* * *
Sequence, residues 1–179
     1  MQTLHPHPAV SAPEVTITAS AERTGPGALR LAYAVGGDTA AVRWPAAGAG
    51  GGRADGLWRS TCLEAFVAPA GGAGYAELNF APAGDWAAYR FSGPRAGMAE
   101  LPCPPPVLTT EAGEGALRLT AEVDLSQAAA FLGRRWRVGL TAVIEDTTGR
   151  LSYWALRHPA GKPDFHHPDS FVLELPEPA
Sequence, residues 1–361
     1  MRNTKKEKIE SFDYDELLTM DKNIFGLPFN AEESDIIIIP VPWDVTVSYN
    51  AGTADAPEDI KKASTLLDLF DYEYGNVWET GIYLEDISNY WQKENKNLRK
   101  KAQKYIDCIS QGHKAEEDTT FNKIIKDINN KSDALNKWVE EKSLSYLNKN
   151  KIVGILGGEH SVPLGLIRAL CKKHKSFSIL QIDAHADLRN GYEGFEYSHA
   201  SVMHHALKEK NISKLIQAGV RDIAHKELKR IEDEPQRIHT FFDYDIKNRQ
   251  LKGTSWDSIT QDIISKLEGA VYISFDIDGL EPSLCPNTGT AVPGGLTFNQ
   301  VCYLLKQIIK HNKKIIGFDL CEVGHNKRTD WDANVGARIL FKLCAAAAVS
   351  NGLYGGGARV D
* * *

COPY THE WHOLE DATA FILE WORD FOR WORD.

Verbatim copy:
Sequence, residues 1–179
     1  MQTLHPHPAV SAPEVTITAS AERTGPGALR LAYAVGGDTA AVRWPAAGAG
    51  GGRADGLWRS TCLEAFVAPA GGAGYAELNF APAGDWAAYR FSGPRAGMAE
   101  LPCPPPVLTT EAGEGALRLT AEVDLSQAAA FLGRRWRVGL TAVIEDTTGR
   151  LSYWALRHPA GKPDFHHPDS FVLELPEPA
Sequence, residues 1–361
     1  MRNTKKEKIE SFDYDELLTM DKNIFGLPFN AEESDIIIIP VPWDVTVSYN
    51  AGTADAPEDI KKASTLLDLF DYEYGNVWET GIYLEDISNY WQKENKNLRK
   101  KAQKYIDCIS QGHKAEEDTT FNKIIKDINN KSDALNKWVE EKSLSYLNKN
   151  KIVGILGGEH SVPLGLIRAL CKKHKSFSIL QIDAHADLRN GYEGFEYSHA
   201  SVMHHALKEK NISKLIQAGV RDIAHKELKR IEDEPQRIHT FFDYDIKNRQ
   251  LKGTSWDSIT QDIISKLEGA VYISFDIDGL EPSLCPNTGT AVPGGLTFNQ
   301  VCYLLKQIIK HNKKIIGFDL CEVGHNKRTD WDANVGARIL FKLCAAAAVS
   351  NGLYGGGARV D